Isn't it possible that this fact could account for various "diseases" of the mind, where paranoia's and hallucinations are typical? Perhaps these people, due to the "abnormal" firing and various deficiencies or overloads of neurotransmitters, develop different illusions than ours due to a more perceptive nervous system? I know the idea sounds ridiculous, but why not consider this?

To take my posting to a slightly less extravagant level, the new ideas learned in class allow us to begin to make a greater number of assertions concerning the relationship between neurons and behavior. The integration of passive current flow such that membrane potential is affected is the basis for our daily activities. Such seemingly tiny things as Na+, K+, lipid bilayers, etc... can affect our entire lives. When we consider disorders such as depression, which is thought to be associated with decreased synaptic activity involving norepinephrine and serotonin (neurotransmitters), it is encouraging to think that people who suffer from such disorders can find relief from a daily life which has been devastated by such abnormal neurotransmitter activity. This relief comes most often in the form of antidepressant drugs which affect monoamine oxidase (enzyme which inactivates norepinephrine,etc) or block re-uptake of n.t.'s at the pre-synaptic membrane. Having been involved with a person who was affected by bi-polar depression, I have seen first-hand how the drugs which treat the disorder enable patients to live more "normal" (or should I say enjoyable) lives. So, to reiterate what seems to be everyone's feeling, I think the study of neurons and their relation to behavior is useful and essential, especially when considering how many lives have been beneficially affected due to ideas such as these.

The idea of 'different illusions" in different people doesn't sound ridiculous at all, and we'll talk more about it when we get to sensory systems. It is one of the more interesting issues that arises if one accepts the brain=behavior equation: what is "illusion", what is "reality", and how does one distinguish the two? Any ideas?

Drug effects are certainly both a line of evidence for "brain=behavior" and a potential that emerges from it as a way to help people. At the same time, they are not yet a cure-all (see Melissa) a couple of weeks ago, and there are in the brain=behavior notion some reasons to suspect they will never be (for one, see my response above to Alexandra. This too is something we'll want to talk more about as we go. PG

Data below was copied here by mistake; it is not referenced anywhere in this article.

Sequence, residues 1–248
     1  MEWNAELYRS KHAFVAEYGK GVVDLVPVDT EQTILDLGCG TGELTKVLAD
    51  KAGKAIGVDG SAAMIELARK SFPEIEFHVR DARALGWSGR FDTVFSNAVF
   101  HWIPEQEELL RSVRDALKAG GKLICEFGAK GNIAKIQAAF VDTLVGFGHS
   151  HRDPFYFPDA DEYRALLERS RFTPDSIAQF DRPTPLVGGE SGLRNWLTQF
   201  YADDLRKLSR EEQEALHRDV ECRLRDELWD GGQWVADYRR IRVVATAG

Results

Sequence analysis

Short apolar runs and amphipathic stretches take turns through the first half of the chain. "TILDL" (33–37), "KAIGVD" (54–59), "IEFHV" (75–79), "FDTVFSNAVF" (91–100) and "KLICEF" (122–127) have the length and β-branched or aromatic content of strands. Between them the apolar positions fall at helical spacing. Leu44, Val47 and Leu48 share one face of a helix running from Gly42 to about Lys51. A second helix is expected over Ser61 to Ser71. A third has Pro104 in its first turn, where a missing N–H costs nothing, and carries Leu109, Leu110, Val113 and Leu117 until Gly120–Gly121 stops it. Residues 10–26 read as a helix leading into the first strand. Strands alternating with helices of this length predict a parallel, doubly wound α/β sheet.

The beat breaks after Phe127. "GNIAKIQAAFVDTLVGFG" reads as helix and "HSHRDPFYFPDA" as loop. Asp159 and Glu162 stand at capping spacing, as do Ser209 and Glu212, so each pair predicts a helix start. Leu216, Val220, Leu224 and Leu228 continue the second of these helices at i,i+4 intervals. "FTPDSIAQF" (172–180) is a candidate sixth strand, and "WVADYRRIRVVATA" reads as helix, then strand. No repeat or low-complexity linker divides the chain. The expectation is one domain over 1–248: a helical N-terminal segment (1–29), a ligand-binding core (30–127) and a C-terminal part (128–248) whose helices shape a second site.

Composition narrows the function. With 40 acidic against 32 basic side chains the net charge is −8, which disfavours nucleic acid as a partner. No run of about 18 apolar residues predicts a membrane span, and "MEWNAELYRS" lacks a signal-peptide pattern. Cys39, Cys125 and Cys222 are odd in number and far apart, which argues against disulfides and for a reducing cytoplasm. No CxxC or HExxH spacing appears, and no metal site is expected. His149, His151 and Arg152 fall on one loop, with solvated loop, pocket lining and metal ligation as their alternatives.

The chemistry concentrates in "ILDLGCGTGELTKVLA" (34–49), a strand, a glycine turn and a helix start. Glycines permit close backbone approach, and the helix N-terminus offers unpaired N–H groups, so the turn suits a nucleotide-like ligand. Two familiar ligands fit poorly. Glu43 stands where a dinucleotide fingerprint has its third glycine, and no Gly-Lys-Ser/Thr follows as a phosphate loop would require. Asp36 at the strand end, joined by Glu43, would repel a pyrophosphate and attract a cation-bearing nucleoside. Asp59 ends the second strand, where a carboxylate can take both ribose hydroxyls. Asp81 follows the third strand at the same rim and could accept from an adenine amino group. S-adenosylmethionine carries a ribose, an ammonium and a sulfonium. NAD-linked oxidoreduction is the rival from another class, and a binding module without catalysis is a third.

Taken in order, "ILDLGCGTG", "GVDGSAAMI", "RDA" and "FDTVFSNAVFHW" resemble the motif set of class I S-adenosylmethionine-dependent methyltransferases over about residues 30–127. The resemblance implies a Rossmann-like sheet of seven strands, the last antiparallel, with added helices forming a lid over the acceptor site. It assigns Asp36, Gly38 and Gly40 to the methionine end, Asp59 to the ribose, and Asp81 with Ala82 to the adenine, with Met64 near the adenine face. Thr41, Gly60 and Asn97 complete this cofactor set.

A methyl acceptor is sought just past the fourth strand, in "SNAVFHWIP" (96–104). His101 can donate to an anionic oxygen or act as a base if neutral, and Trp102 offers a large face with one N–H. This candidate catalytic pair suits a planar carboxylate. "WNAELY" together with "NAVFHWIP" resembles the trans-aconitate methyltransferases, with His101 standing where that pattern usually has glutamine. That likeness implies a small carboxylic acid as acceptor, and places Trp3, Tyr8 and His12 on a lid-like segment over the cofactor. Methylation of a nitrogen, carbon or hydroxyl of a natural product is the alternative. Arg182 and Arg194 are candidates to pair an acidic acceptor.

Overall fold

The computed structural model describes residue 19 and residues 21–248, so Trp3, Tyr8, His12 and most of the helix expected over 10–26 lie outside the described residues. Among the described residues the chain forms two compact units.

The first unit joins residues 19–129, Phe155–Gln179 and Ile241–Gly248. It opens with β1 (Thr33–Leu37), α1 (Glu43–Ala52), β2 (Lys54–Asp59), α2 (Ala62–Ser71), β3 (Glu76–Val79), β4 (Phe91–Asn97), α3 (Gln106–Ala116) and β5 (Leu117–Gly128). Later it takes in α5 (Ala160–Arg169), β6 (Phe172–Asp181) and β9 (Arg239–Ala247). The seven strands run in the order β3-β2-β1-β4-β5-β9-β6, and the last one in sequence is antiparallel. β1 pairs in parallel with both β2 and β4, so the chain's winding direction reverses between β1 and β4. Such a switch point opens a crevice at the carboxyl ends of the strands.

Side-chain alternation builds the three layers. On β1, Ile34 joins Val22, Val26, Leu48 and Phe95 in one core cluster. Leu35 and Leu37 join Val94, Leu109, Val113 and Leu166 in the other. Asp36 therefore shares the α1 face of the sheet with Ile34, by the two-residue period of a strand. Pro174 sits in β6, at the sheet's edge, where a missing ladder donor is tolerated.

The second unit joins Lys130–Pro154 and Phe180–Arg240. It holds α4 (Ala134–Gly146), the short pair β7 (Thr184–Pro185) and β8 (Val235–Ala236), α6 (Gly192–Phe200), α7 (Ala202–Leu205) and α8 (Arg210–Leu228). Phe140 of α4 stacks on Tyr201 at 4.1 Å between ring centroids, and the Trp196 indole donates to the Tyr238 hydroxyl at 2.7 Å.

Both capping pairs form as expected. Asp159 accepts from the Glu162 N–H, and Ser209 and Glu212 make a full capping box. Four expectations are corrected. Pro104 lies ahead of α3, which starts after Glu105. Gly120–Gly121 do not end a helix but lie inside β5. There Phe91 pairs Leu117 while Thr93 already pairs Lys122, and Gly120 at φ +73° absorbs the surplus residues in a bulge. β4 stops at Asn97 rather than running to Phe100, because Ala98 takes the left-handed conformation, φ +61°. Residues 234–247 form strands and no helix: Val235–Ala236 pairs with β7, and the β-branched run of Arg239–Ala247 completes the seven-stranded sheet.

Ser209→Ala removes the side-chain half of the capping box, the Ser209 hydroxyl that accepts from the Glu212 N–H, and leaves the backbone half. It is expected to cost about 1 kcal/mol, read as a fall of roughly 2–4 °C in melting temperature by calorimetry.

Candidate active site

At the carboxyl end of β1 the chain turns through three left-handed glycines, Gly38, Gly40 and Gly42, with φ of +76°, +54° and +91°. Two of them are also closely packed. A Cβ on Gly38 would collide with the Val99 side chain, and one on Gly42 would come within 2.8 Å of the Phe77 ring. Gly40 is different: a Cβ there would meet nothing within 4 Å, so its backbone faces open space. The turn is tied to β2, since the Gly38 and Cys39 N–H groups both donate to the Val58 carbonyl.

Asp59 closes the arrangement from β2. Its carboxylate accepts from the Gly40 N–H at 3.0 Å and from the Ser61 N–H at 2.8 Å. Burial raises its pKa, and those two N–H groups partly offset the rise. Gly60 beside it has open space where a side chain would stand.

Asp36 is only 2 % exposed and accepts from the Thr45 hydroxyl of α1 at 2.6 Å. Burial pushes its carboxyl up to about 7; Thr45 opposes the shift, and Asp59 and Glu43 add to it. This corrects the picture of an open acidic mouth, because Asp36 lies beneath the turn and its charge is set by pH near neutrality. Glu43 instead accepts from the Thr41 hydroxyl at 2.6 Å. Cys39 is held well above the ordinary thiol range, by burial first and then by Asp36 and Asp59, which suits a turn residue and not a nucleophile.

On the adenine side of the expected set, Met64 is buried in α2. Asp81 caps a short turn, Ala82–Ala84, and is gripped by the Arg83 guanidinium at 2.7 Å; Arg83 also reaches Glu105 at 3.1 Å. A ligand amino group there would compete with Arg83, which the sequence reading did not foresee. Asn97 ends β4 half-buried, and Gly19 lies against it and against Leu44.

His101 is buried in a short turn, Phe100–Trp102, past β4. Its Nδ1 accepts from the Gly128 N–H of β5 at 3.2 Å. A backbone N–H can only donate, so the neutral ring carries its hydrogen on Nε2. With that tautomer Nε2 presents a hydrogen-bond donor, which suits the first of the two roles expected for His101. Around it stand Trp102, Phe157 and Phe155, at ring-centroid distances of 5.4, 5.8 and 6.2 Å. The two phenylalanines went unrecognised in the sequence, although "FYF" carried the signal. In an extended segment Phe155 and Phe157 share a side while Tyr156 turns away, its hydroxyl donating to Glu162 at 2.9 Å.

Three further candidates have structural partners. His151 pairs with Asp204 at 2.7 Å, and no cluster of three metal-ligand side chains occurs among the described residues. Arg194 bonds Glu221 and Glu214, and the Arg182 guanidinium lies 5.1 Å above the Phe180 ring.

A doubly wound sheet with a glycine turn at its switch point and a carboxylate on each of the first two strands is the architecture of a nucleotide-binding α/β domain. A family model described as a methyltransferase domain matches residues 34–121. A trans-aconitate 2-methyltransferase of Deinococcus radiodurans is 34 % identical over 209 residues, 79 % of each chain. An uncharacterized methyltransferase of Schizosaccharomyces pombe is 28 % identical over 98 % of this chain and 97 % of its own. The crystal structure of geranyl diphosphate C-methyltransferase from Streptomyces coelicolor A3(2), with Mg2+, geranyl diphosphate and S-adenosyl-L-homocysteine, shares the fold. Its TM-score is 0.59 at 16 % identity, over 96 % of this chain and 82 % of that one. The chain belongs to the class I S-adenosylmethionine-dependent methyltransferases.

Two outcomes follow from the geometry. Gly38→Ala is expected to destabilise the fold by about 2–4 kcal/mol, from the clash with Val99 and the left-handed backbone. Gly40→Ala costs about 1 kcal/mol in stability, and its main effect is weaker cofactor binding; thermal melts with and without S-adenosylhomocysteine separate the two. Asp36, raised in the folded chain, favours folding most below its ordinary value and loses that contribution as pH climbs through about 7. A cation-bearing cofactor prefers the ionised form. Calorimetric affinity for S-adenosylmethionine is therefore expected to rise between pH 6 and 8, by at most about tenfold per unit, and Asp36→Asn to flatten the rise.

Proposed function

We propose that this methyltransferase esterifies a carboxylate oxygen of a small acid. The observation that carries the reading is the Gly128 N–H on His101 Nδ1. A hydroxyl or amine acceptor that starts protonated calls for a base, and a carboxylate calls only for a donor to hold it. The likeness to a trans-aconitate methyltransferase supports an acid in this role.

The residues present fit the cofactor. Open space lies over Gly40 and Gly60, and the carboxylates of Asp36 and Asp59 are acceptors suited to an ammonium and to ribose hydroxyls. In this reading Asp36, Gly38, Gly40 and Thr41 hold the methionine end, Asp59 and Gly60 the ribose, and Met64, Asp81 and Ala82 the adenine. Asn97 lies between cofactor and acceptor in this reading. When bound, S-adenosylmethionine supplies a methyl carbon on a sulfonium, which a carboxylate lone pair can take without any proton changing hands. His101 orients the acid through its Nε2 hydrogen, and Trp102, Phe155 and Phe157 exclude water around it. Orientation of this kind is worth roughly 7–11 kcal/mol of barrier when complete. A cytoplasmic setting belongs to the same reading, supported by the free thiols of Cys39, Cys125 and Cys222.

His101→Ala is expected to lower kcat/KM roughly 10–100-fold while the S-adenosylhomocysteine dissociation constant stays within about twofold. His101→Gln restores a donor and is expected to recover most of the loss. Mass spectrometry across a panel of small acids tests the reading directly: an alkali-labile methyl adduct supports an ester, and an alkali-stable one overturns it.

Name: Nicole Stevenson
Date: Mon Feb 15 09:45:27 EST 1999
As a third year neuropsych student, it is quite interesting to see the more strictly bio side that does not really involve delving into the psych aspect of neurobiology, atleast not yet. Upon reading others postings I realize just how isolated I have become in Dalton. I forget that not everyone else in the class comes from the psych end of things when thinking about neurobio and behavior. The mix of backgrounds makes for interesting, differing angles on discussions.

In response to Patricia Kinser's thoughts on various "diseases" of the has in fact been talked about a great bit that the people that suffer from these problem(such as hallucinations and heightened states of arousal, anxieties) may in fact have a more perceptive nervous system. As was touched upon in class, we are all sensitive in different ways depending upon our species, chemical makeup, and various other aspects. Trephining was a prehistoric practice used in attempts to cure people gone "mad". This cure was carried out by driving stakes into their skulls to let out the evil. Mesmer thought his patients to be posessed and attempted to hypnotize the mental illness out of them. One rumor exsists that Van Gogh heard voices, so he cut off his ear. Some of the greatest thinkers and creaters were the most successful at their "craziest" times. Virginia Woolf, Mary Shelley, Hemingway, Tchaikovsky, Plath, O'Keefe, and Micheangelo all suffered from bipolar disorders.

Some people on antidepressants and psychostimulants say that while they do suffer less from some of the harsher symptoms of their illness, they also often feel muted, as if some of their spirit were taken away. This can prompt medication to be halted. Others have happier, more successful experiences. Nothing is without downfall somewhere in life, a pro is usually followed by a con. I am not trying to downplay the importance of drug therapy or the research that works towards perfecting drugs, but that there is more to "fixing" these disorders than simply popping pills and altering chemicals in the brain. I guess that's my psych talking...

Glad to have it around (pleased too that you're finding interesting things in the bio side and that you include the psych side in neurobiology). Yep, pharmacological therapeutics has limitations (see my response to Patricia above), and you've added an interesting one to the list: some people don't "feel themselves". Wonder what that means in neurobiological terms? And yes, there is some suspicion of a correlation between mental "illness" and creativity. There's a piece on Serendip on this subject (and lots of relevant stuff elsewhere on the web), if anyone is interested in pursuing it further. PG

Name: Lacey Tucker
Subject: the "personal" nature of neurons, and thoughts on inhibitory pathways
Date: Mon Feb 15 09:46:48 EST 1999